--Ralph Nader
"It is because Zucman takes the courageous step of moving beyond academia to being an activist committed to promoting a new and radical solution that he has unambiguously (even if cautiously) identified, that I welcome this book. Far too few academics are willing to take on the role of the public intellectual who steps up and demands action to address a problem that they have identified. Zucman deserves full marks for doing so."
--Times Higher Education
"Zucman's main achievement in this slim volume is to have quantified these thefts: $200 billion in state revenues lost through private individuals' use of tax havens, plus another $130 billion in losses created by U.S. firms booking their profits offshore. . . . Zucman showcases this remarkable feat in unusually lucid and elegant prose--particularly for an economist--complemented by an admirable grasp of history. His review of the ways that efforts to combat tax evasion have stalled for the past century makes the book a worthwhile read in and of itself. But perhaps the most ambitious aspect of Zucman's work is his claim that, despite the immense scale of the problem, there are ways to solve it and thereby put a stop to the recurrent economic and political crises triggered by the use of offshore finance. . . . Zucman is still at the beginning of what promises to be a brilliant career."
--Atlantic
"Zucman, a young French economist now at the London School of Economics and the University of California at Berkeley, has written a masterful survey of the origins, importance, and dangers of tax havens. The Hidden Wealth of Nations is a tremendously important contribution to the current discussion of how to adjust the world's income-tax systems, which are over a century old, to the realities of the 21st century."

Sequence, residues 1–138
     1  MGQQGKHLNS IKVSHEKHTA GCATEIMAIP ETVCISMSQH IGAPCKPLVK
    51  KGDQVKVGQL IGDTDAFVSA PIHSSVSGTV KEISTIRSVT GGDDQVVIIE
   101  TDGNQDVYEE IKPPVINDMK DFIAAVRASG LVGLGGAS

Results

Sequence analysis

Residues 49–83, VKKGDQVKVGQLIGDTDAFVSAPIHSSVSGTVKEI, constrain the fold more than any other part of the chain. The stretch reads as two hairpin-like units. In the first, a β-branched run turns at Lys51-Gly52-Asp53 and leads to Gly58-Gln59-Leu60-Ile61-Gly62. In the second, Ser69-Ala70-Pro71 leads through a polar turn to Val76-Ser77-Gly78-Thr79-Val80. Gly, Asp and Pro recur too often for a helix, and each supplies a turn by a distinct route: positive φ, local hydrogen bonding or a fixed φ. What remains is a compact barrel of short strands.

--American Prospect
"reads like Capital in the Twenty-First Century's lost chapter."--Nation
"Gabriel Zucman has two goals in his new book, The Hidden Wealth of Nations to specify the costs of tax havens, and to figure out how to reduce those costs. He writes with moral passion, even outrage; he sees tax havens as a 'scourge.'"

"Zucman has produced an important book, above all because of his effort to calculate the magnitude of the world's hidden wealth. . . . A strong virtue of Zucman's book is that it puts a bright spotlight on an area in which significant reforms might appeal to people who otherwise disagree on a great deal. You might believe that the tax system should be made more progressive, or you might believe that it should be made less so. But whatever you think, you are unlikely to support a situation in which trillions of dollars are hardly taxed at all."--Cass Sunstein "New York Review of Books "
"Zucman seems to have little ambivalence about how to interpret the data, as his book is subtitled The Scourge of Tax Havens. He acknowledges that some view tax havens as perfectly legal and legitimate. But whatever the politics, for anyone who cares about understanding the economy, it's clear a dramatic shift is under way."--Wall Street Journal
"A short and lively investigation into the global effects of tax avoidance. . . . As Zucman argues, 'Financial secrecy--like greenhouse gas emissions--has a costly impact on the entire world, which tax havens choose to ignore."--The Week
"Tax havens are by design secretive and opaque. The entire point of their existence is to conceal the wealth hidden within them. And a new book by Zucman, The Hidden Wealth of Nations: The Scourge of Tax Havens, reveals, as never before, the extent of their role in the global economy. . . . If we are ever to combat inequality effectively, truly progressive taxation will have to be a part of the policy mix. But unless we eliminate tax havens now, we are likely to find that we lack the ability to implement it."--Project Syndicate
"Zucman writes crisply and is forthright in his scorn for tax fraud. He also briefly addresses solutions to corporate tax manipulation, whereby multinationals shift income to tax havens. . . . Zucman's eye-opening study will be of interest to all readers concerned about growing wealth disparity and is a fitting supplement to Capital in the Twenty-First Century by Thomas Piketty."--Library Journal, starred review